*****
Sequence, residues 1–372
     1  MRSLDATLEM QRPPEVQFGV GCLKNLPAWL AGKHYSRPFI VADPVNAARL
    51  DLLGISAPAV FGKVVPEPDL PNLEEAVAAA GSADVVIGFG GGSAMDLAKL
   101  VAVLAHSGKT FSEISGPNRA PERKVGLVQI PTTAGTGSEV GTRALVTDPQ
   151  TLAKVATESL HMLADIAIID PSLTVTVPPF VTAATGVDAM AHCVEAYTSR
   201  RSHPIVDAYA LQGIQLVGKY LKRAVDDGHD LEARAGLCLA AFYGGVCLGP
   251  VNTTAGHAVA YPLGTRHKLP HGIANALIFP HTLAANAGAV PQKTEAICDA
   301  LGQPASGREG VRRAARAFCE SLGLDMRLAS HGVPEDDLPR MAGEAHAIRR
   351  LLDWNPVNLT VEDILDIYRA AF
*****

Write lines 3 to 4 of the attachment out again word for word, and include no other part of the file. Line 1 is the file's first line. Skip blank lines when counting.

    51  DLLGISAPAV FGKVVPEPDL PNLEEAVAAA GSADVVIGFG GGSAMDLAKL
   101  VAVLAHSGKT FSEISGPNRA PERKVGLVQI PTTAGTGSEV GTRALVTDPQ